leather and be dealing directly with people when you work a case
involving these people. If
you are one of those investigators who can’t stand computers and
you like to do your investigations the old-fashioned way, you are
going to love this type of ease.
- In making your way around the various
shelter organizations, you nay run into problems getting
information from some of them.
A number of the facilities keep records of the people who
pass through them; for example, the Salvation Army shelter in
Austin keeps an index card on every individual who spends the
night. The card shows
a name, the date the subject stayed and has a short questionnaire
for the subject to fill out about any health or mental problems.
But many facilities have policies or legal restrictions
preventing them from divulging much, if any, useful information.
In those cases it is often helpful to have a copy of the
defendant’s warrant with you.
Most facility operators don’t want the trouble that often
comes on the heels of a fugitive investigation and not
- If you are going to use a pretext
method, I recommend leaving a message for the subject to pick up
(if appropriate to the case). Many facilities will take such a
message for the subject and post it for their clients to receive
if they come in to stay. Be
sure to leave a “Missing” poster and your business card with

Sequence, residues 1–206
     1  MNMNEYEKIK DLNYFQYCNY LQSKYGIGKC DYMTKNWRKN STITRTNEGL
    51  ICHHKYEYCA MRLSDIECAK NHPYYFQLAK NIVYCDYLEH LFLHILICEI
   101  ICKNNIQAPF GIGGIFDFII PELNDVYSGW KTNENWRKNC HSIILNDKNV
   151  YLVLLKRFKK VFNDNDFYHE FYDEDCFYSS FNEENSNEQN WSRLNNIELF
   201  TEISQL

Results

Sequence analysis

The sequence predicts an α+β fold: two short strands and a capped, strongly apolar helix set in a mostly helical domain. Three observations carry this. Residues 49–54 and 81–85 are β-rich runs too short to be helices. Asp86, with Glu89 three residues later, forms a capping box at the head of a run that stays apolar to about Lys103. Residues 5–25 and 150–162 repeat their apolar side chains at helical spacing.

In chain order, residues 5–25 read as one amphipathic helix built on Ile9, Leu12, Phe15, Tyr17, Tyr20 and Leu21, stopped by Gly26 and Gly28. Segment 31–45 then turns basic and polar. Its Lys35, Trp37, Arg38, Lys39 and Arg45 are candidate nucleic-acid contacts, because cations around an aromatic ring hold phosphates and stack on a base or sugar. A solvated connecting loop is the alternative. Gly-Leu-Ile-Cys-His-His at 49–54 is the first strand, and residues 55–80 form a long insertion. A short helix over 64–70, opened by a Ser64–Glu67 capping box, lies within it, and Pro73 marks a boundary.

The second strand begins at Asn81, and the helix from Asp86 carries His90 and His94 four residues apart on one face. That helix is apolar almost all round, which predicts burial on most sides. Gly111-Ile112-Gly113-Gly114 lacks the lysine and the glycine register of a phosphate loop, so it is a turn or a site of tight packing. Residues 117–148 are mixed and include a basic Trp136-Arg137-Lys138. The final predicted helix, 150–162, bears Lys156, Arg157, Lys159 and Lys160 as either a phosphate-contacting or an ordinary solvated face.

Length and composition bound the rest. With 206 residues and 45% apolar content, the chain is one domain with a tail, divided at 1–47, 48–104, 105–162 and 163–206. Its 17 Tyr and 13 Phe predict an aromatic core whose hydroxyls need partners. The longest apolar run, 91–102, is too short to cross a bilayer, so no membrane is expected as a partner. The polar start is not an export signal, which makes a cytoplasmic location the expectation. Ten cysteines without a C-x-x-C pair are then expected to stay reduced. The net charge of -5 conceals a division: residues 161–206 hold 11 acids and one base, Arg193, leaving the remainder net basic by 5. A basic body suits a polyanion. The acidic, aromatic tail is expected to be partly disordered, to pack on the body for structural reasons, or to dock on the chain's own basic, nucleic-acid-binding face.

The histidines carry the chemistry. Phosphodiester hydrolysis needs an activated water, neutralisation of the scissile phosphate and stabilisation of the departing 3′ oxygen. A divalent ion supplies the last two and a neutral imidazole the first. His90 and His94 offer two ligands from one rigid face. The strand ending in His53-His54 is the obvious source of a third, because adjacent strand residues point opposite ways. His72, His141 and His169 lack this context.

the supervisor and the desk clerk. We have had several cases where, after we had made contact
with the facility management, we received anonymous tips that
our subject was at a specific location, most often at one or
two o’clock in the morning.
- Finally, you have to go to the
various locations visited by other homeless people, talk to the
people and check for leads or information.
Talking lo these people is not always easy.
They are often uninterested, evasive, drunk, or trying to
manipulate the investigator into giving them a handout.
So it will take all of your interviewing skills and some
patience to get information you can use.
- Remember the following steps as you
go about your investigation:
- • Obtain a description of your
subject and define a starting location for your search
- • Check jail logs and other local
- • Develop lists of shelter
agencies and locations frequented by transients.
- • Make a “Missing” or
“Wanted” poster in appropriate cases.
- • Contact shelter agencies.
- • Check the areas frequented by